Google reportedly intends to merge two of its operating systems into one. The desktop operating system Chrome OS is going to be combined with mobile platform Android. The result of the merging, could be revealed next year, according to reports. However, both Chrome OS and Android will continue to exist as standalone operating systems.
Following the reports, Hiroshi Lockheimer, Android and Chrome OS SVP, said on Twitter that the company is "very committed to Chrome OS". Of course, this is not the first time reports of Google's intention to merge the Android and Chrome OS together have circulated.
Google engineers have reportedly been working on the new operating system for last two years, the Wall Street Journal claims. The move will allow the company to expand the reach of Android, the dominant software in the mobile market, a separate report on Re/code notes. The publication citing its sources claims that Google plans to offer its partner Chromebook OEMs a choice between Android and Chrome OS.
The reports also claim the new operating system will support the Google Play Store, and that the company change the Chromebook moniker to reflect the new operating system.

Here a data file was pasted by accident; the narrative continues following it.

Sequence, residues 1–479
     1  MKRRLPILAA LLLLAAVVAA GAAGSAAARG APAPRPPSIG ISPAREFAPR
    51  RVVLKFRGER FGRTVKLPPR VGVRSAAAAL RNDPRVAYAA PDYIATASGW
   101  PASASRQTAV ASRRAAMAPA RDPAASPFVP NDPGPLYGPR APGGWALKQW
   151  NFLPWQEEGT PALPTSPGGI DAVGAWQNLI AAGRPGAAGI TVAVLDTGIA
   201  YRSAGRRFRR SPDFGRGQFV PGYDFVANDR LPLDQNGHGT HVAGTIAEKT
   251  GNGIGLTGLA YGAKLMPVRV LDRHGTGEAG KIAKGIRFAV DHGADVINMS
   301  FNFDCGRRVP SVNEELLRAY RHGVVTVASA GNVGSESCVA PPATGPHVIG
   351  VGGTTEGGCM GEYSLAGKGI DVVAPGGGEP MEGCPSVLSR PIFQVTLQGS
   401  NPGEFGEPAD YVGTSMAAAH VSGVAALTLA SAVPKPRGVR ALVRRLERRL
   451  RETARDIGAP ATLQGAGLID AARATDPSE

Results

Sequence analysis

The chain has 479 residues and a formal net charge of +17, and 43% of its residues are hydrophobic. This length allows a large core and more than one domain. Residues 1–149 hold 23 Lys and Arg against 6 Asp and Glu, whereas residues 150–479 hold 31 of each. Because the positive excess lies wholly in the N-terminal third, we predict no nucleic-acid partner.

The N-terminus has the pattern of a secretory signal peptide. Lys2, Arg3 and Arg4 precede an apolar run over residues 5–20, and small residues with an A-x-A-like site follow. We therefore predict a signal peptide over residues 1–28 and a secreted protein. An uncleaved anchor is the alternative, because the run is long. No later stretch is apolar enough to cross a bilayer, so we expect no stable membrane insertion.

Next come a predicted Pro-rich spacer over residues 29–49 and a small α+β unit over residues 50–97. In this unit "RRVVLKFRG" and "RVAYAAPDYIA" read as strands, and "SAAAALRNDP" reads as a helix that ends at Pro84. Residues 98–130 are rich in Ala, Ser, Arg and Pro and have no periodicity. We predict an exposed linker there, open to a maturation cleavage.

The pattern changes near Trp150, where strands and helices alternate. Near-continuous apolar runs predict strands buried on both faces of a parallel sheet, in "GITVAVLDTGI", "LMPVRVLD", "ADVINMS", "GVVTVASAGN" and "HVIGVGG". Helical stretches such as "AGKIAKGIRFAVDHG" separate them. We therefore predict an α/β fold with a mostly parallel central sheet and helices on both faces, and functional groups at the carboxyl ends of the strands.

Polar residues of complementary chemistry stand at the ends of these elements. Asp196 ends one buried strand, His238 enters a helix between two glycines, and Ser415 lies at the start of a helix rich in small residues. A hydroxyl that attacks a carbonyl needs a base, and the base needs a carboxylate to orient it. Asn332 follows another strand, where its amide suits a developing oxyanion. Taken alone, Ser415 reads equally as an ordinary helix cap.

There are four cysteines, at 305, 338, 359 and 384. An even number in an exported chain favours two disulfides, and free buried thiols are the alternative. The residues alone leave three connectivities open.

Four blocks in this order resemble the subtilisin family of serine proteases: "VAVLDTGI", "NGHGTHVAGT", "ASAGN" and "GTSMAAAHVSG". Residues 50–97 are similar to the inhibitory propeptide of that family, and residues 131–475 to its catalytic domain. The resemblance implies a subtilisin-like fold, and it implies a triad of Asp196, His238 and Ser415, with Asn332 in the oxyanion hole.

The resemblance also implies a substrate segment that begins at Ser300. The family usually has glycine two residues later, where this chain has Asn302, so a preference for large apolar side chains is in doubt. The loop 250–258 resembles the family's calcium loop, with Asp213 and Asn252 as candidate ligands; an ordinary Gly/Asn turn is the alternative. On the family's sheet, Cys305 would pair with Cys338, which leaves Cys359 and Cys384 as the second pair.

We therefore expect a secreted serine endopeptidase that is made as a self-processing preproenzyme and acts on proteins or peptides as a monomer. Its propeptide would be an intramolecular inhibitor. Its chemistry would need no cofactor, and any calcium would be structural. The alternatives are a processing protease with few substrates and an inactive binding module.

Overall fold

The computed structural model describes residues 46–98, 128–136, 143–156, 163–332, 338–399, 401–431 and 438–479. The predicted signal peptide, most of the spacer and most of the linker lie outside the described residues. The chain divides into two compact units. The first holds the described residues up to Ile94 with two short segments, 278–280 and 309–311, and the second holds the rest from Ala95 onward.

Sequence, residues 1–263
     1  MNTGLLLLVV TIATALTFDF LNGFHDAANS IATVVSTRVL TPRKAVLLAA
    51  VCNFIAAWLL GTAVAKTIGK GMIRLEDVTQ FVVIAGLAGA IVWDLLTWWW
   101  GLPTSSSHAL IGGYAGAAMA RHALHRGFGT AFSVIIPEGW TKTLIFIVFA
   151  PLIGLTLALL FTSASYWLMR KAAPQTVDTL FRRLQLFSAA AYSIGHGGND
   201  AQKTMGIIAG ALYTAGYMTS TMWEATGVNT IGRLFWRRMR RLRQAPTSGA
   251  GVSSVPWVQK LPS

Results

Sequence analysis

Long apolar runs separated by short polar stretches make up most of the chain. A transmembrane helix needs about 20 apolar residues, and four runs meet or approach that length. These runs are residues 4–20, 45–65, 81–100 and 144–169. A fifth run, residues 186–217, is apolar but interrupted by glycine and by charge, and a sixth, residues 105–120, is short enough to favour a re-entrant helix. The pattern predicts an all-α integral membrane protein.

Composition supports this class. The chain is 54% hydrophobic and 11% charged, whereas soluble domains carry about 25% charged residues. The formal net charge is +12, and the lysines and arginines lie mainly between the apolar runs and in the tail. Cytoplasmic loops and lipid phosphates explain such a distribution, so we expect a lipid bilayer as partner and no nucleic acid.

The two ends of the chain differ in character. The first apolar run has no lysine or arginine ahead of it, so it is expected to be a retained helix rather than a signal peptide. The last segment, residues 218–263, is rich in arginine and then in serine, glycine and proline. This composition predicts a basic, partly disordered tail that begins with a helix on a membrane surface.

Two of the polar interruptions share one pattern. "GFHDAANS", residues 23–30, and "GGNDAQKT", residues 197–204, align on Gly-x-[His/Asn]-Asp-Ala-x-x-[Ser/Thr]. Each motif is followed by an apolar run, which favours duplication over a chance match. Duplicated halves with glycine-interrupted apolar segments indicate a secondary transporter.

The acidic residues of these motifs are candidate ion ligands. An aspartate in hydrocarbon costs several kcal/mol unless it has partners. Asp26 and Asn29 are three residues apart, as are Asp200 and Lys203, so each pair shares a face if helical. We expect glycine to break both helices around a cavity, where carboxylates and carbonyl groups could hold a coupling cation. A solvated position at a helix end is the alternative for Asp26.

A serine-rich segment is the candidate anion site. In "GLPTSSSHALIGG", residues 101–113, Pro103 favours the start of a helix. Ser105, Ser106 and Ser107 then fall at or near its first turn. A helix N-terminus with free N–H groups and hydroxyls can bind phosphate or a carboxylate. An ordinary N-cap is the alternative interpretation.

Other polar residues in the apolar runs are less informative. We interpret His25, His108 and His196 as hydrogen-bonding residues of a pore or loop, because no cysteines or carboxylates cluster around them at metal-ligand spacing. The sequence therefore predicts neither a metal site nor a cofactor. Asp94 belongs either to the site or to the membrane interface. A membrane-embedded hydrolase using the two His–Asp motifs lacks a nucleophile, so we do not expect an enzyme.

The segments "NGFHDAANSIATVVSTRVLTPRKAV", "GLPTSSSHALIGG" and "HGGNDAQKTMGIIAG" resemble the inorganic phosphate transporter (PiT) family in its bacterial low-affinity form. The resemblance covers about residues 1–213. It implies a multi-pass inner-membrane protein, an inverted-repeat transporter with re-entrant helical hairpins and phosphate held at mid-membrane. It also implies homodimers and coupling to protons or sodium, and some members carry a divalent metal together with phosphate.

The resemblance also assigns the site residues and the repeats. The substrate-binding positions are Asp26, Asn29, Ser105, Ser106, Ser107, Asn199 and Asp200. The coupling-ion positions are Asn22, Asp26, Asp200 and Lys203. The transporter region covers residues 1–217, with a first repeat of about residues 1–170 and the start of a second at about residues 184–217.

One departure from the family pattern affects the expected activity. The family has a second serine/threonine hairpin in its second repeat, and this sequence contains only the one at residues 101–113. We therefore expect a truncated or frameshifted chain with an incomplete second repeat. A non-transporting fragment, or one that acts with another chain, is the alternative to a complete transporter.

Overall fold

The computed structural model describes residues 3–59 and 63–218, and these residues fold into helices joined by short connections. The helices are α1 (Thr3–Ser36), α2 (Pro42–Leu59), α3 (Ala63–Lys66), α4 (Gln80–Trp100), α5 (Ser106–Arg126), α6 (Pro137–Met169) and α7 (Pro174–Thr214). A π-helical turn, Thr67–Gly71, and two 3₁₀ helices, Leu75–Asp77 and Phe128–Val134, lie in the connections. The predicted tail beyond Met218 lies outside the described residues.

Google could demonstrate the new operating system at its developer conference I/O next year, The Verge reports. The Wall Street Journal report offers a similar timeline. It noted that Google plans to release the new operating system in 2017 but offer a preview of it next year.
The move doesn't come as a surprise, however. At Google I/O 2014, the company had announced that it is bringing Android apps support to Chromebook notebooks. Earlier this year, it released a number of Android apps including Slideshare, and Yo that are compatible with Chrome OS.
Moving forward, this seems like a sensible thing to do. As has been pointed out on numerous Android tablets review, Android doesn't seem full-fledged for larger screen devices. Productivity apps such as Word, Drive just seem like as they have been blown up to fit on the large screen. The convergence of Chrome OS and Android could significantly bolster user experience on both Chromebook and larger tablets. Android will of course have to be modified to better support large displays, mouse pointing devices, and keyboards.
During Alphabet's earning all last week, Google CEO Sundar Pichai did point towards the company's focus on mobile, and said, "mobile as a computing paradigm is eventually going to blend with what we think of as desktop today."
"Mobile gives us unique opportunities in terms of better understanding users. My long-term view on this is it is as compelling or, in fact, even better than desktop, but it will take us time to get there and we are going to be focused until we get there," he added.